Step Two. Before asking for volunteers in class, the teacher or an invited speaker would talk about peoples’ responsibilities and benefits of reforesting Armenia for the government alone cannot do everything. Select benefits relevant to kids, such as trees shield children from ultra-violet rays, trees provide food, trees clean air, trees cool the streets and the city, trees provide shade to cool a playground, trees makes us healthier and even improve our academic performances, and “forest bathing” practice of staying about 20 minutes in an environment surrounded by forest like trees is becoming widely accepted as beneficial to humans physically and mentally, etc. Power Point presentations would focus on the vibrant life of birds and animals in the forest including those of residing at the canopy of the forest.
Step Three. Parents also should know about “Adopt a Tree for Armenia” program through teacher-parent conferences or by letter. If parents are amenable to the idea, they should submit their approval to the teacher. Parents may want to have their kids adopt more than one tree and that should be OK. Once the idea becomes operational, “Adopt a Tree for Armenia” program can be applied to different populations such as college students, government employees, ordinary citizens, etc.
Step Four. The government or a not-for-profit organization such as ATP or Hakopyan Environmental Studies center should provide seedlings to the students to take home and to see that they grow healthy. A native tree species would be the best for this project, but not a fruit tree which needs a lot of watering and care after being planted. Information on the specific tree culture should also be given to students to take home for proper treatment.
Step Five. The native tree should survive on its own when planted right before the rainy season begins. Although mixing up different trees is recommended by some, people relate more when the trees are alike and look like a forest rather than a backyard orchard. Thus, the same kind of tree should be given to students. A forest would look better when it is populated with the same kind of native trees or cultivars. Besides, it would facilitate learning the culture of the tree care and make the management of the forest easier.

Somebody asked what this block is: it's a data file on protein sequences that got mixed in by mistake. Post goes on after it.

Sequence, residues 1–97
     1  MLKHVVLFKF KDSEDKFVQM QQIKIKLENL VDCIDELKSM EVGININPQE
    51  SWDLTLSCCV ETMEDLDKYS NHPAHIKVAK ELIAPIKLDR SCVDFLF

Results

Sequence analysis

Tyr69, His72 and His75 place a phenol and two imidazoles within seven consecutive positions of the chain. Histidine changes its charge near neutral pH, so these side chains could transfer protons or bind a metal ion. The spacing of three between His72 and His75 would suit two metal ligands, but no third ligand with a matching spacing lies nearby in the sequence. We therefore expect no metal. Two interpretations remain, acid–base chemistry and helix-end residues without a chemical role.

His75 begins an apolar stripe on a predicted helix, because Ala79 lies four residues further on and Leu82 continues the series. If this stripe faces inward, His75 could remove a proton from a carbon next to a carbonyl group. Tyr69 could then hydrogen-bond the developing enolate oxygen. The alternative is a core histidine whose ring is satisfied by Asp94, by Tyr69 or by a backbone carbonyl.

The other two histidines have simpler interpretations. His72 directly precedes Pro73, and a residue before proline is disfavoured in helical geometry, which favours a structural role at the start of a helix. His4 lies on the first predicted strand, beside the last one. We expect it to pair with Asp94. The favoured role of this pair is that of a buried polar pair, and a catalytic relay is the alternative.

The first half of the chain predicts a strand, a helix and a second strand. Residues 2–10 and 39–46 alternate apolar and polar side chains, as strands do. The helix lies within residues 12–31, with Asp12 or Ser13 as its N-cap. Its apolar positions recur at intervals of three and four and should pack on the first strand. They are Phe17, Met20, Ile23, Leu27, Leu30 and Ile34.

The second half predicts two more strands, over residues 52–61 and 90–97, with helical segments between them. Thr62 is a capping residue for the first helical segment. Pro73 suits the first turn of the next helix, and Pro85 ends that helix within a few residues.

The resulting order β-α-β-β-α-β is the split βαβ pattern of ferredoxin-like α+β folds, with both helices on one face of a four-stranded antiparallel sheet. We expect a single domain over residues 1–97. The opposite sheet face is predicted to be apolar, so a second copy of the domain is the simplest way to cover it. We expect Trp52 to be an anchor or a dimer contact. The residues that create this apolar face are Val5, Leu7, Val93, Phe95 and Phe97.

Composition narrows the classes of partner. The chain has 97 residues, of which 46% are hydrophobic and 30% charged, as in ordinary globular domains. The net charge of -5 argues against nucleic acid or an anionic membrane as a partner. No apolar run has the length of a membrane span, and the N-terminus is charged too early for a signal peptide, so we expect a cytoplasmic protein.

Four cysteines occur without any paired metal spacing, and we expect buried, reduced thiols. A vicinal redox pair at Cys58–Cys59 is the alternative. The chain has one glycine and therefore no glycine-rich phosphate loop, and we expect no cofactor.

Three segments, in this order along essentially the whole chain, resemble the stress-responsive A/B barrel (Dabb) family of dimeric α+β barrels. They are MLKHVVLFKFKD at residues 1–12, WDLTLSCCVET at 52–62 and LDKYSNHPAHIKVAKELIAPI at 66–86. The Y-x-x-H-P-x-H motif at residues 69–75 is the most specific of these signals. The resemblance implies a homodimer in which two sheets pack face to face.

Step Six. When the seedling becomes a sapling within two or three years, the school organizes a day for the volunteer students to bring their adopted trees to be planted in designated area of a forest. Students would love the field trip and mark the event unforgettable.
Step Seven. After successful planting of trees, each volunteer student should receive a token of appreciation ceremoniously, such as a certificate signed by PM Pashinyan commending them for being good citizens of Armenia. Armenian kids would feel proud to have contributed to the wellbeing of their homeland.
The Pashinyan government’s plan for reforestation and afforestation is a win-win project. The environment of Armenia would benefit by turning those vacant lands into vibrant forests. As a consequence of this project, it would also provide jobs for the people to work at the accomplishment and management of this noble project.
The proposed idea has two major advantages: Armenia benefits from increasing the size of the forests in certain localities. Moreover, the students would get engaged in experiential learning project with an ulterior motive of helping the country achieve the re-greening of the Armenian Highlands.
When kids get involved in the environment and conservation of natural resources, scientific studies suggest that students are better able to concentrate, complete tasks, and follow directions after playing in natural settings. Another study reported that self-discipline in young girls can be achieved through increased exposure to settings where nature prevails. School programs that get kids involved in tree planting, foster in them everlasting environmental stewardship. Tree planting is a great way to increase student interest and involvement in their local environment and achieve academic goals better.
“Adopt a Tree for Armenia” program would provide educators with the opportunity to inspire school administrators, faculty, and students to affect positive change at their schools and in their communities. Students become aware that they can play an important role in protecting the environment through personal involvement. Hopefully, when they grow up the experience of “Adopt a Tree” will help them make intelligent decisions about conservation and use of Armenia’s valuable natural resources by learning that without plants, there would be no animal life on our planet.
Like boy and girl scouts, allegiance to the country’s destiny is grasped at an early age that unless we all collectively contribute toward the advancement of our Homeland, we would regress. The only way we could improve conditions for our country is to believe in the philosophy that each and every one of us can make a difference because the sum total of all of our synergetic efforts would enable us to move mountains.
“Adopt a Tree for Armenia” means plant and see Armenia green again. Re-greening the Armenian Highlands is everybody’s responsibility and it would make sense from socioeconomic perspectives. So, let us go for “Adopt a Tree for Armenia” program and see the beauty and the benefits it would add to Armenia in providing the needed oxygen and to support PM Pashinyan’s reforestation plans to promote our Homeland, Hayastan, through much-needed socioeconomic development.